Product: CRACK UP
Publisher: Atlantis
Compatibility: BBC B, B+, Master 128 & Acorn Electron
Reviewed by: Dave E
Originally published in EUG #66

Most machines have an ample supply of clones of the Arkanoid-style "bat and ball" game. The object is simply to hit coloured blocks with a ball, whilst keeping the ball in the playing area, with a bat at the bottom of the screen. If you miss the ball, then you lose a life. If you destroy all of the blocks, then you move on a level. All you need do is survive for as many levels as possible.

The BBC, it has to be said, got a rather superb official conversion of "the daddy" Arkanoid in the early Eighties, but the clones came somewhat later for the Acorn Electron. It may not be co-incidence that both Hyperball (by Superior) and Crack-Up (by Atlantis) arrived almost ten years later to fill that 'gap' in the market. Hyperball went for a glammed up approach to the old favourite with multi-load levels and a shop from which you could buy awesome new block-busting weapons. Crack-Up, on the other hand, has simply taken all the elements of the traditional game and created it on the Elk from scratch.

A budget game without pretensions, Crack-Up gears up with a loader not dissimilar to that of the old Acornsoft titles and, in fact, the game itself follows all of the Acornsoft traditions. It has an introductory page with a title, the option to use both the First Byte and Plus 1 joysticks and a one or two player option - all done in monochrome. There is also a Starting Level facility, allowing you to start at any level from 1 to 5.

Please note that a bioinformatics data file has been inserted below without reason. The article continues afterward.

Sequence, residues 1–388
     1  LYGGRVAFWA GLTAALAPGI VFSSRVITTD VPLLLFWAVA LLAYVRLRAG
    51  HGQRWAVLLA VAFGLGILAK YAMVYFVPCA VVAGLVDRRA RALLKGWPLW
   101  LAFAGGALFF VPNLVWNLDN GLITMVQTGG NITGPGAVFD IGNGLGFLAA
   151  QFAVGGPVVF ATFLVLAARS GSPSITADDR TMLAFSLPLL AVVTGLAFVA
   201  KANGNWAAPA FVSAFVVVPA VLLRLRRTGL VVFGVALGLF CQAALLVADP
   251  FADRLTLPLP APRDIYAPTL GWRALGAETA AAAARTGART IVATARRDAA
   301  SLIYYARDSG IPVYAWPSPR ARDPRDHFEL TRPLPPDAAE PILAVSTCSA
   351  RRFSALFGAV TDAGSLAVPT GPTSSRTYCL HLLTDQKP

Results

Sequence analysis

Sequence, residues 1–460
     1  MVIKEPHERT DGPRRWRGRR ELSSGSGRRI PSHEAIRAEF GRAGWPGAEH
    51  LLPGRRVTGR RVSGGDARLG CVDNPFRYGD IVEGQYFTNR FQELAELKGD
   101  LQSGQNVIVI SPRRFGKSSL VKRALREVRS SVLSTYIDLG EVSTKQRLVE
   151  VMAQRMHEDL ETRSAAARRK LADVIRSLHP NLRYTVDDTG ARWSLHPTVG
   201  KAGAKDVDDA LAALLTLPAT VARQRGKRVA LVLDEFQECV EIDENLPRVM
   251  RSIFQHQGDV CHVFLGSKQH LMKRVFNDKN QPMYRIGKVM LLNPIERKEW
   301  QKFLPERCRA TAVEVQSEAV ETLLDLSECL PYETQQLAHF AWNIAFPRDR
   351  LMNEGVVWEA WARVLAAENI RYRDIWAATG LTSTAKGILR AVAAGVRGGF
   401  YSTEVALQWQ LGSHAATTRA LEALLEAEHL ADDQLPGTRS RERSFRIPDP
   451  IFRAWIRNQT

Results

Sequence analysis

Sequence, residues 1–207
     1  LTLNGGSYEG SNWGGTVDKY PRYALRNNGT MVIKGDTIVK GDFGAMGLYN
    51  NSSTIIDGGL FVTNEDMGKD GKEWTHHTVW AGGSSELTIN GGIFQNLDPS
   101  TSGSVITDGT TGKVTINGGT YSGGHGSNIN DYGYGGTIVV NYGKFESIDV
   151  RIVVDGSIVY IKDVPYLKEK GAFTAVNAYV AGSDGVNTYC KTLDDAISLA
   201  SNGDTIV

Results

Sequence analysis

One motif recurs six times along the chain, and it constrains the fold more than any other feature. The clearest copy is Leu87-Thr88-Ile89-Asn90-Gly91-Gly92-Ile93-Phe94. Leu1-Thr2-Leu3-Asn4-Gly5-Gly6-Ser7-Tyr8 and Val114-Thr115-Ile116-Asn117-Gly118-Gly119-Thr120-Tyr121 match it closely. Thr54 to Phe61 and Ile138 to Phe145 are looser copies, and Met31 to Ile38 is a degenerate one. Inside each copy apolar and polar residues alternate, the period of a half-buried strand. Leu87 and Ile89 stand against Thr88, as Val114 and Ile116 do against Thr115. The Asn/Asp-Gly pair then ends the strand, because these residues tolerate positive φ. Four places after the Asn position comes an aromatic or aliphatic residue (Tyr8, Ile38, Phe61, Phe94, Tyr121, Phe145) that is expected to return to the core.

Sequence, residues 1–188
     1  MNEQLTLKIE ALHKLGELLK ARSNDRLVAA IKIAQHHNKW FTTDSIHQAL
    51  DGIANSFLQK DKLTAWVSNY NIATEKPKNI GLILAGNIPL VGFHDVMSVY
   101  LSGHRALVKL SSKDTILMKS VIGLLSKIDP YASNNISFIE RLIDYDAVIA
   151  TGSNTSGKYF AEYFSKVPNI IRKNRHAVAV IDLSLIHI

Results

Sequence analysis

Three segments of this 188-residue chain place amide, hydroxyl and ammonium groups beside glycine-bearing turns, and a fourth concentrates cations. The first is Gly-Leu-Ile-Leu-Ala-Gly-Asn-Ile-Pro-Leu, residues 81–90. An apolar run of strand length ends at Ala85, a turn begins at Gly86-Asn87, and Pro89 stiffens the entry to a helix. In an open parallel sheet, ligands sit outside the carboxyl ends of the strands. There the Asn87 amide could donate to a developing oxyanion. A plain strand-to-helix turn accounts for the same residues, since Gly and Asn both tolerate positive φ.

The game itself is, in a word, superb. The action is set on scrolling multi-coloured parralax stars and preceded by 'Get Ready Player 1' in huge text scrawled across the playing area. The game is rendered in Mode 2, meaning that all seven of the Electron's colours are on display and if you think this means that the speed of the game will suffer then you are mistaken. As expected, there are ingenious combinations of different types of block towards the top of the playing area and you control a elongated rectangle done in cyan (with red, rounded ends) at its bottom.

You aim, launch the ball with RETURN and need to gauge accurately its angle on its return so that it strikes the bat to ricochet in the appropriate direction. Each time you hit a block you get 10 points, and the possibility that a bonus pod will drop towards the bat. Catch one and the bat will mutate in some way, usually to your advantage. The pods are marked with letters - giving you have a few seconds to decide if you wish to 'trade' the current state of your bat for what is marked on the pod. What you are happiest with usually reflects your own playing style, although the L(aser) pod is usually worth more risk than the others, as this allows you to fire bullets into the playing area.

On the first level, the ball's contact with each one of the multi-coloured blocks results in the block disappearing, but as the levels progress, the block may change colour on the first, second or third hits and only finally disappear on the fourth. In addition, some, but not all, of the blue blocks are completely indestructible and exist merely to hinder the balls progress to others. Any impact, either with a block, the bat or the outside border of the playing area causes a blippy sound effect, whilst picking up bonuses, especially the B pod (which immediately takes you to the next level) emits the kind of fanfare that would do an Eighties Arcadians machine proud. Invisible blocks also begin to pervade the playing areas from level 6 onwards.